Writing and Reading Data

Before Performing Read/Write Operations

Communicating with your instrument involves writing and reading data. For example, you might write a text command to a function generator that queries its peak-to-peak voltage, and then read back the voltage value as a double-precision array.

Before performing a write or read operation, you should consider these three questions:

  • What is the process by which data flows from the MATLAB® workspace to the instrument, and from the instrument to the MATLAB workspace?

    The Instrument Control Toolbox™ automatically manages the data transferred between the MATLAB workspace and the instrument. For many common applications, you can ignore the buffering and data flow process. However, if you are transferring a large number of values, executing an asynchronous read or write operation, or debugging your application, you might need to be aware of how this process works.

  • Is the data to be transferred binary (numerical) or text (ASCII)?

    For many instruments, writing text data means writing string commands that change instrument settings, prepare the instrument to return data or status information, and so on. Writing binary data means writing numerical values to the instrument such as calibration or waveform data.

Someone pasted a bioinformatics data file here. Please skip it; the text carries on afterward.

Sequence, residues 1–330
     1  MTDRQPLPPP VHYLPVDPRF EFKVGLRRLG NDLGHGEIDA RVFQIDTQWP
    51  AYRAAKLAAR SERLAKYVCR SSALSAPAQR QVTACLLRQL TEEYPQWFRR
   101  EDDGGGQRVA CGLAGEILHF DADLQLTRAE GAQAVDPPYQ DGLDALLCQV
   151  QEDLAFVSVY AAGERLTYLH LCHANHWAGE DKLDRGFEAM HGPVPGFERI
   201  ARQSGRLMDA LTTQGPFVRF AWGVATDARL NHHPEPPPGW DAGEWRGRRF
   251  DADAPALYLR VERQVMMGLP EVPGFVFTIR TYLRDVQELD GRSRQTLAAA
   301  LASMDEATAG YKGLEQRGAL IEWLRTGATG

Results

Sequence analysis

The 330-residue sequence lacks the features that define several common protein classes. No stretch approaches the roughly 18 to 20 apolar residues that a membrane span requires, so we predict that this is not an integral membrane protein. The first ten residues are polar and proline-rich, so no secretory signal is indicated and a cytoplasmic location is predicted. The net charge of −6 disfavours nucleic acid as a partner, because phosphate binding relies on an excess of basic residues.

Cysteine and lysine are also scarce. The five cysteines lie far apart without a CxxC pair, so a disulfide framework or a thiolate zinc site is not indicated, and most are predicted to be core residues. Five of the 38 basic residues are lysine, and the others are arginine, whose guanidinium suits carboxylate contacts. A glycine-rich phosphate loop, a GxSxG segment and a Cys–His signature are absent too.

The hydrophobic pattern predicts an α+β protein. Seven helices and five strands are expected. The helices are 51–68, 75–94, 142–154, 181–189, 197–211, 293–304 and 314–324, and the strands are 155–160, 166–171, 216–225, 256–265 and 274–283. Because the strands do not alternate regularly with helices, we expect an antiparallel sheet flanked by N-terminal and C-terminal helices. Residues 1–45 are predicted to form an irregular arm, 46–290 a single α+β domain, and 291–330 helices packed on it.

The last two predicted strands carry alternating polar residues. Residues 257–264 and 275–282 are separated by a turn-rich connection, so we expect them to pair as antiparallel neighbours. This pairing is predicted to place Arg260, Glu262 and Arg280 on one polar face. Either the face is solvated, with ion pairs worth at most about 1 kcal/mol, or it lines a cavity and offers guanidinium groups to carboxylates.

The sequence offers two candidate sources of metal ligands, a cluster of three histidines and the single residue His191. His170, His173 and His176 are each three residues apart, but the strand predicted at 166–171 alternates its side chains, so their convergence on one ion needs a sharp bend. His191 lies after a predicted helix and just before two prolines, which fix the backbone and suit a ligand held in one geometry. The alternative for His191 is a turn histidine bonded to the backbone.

• Will the write or read function block access to the MATLAB Command Window?

    You control access to the MATLAB Command Window by specifying whether a read or write operation is synchronous or asynchronous. A synchronous operation blocks access to the command line until the read or write function completes execution. An asynchronous operation does not block access to the command line, and you can issue additional commands while the read or write function executes in the background.

There are other issues to consider when you read and write data, like the conditions under which a read or write operation completes. These issues vary depending upon the supported interface and are described in the respective interface-specific chapters.

Writing Data

Functions Associated with Writing Data

Function Name

Description

binblockwrite

Write binblock data to the instrument.

fprintf

Write text to the instrument.

fwrite

Write binary data to the instrument.

stopasync

Stop asynchronous read and write operations.

Properties Associated with Writing Data

Property Name

Description

BytesToOutput

Indicate the number of bytes currently in the output buffer.

OutputBufferSize

Specify the size of the output buffer in bytes.

Timeout

Specify the waiting time to complete a read or write operation.

TransferStatus

Indicate if an asynchronous read or write operation is in progress.

ValuesSent

Indicate the total number of values written to the instrument.

Output Buffer and Data Flow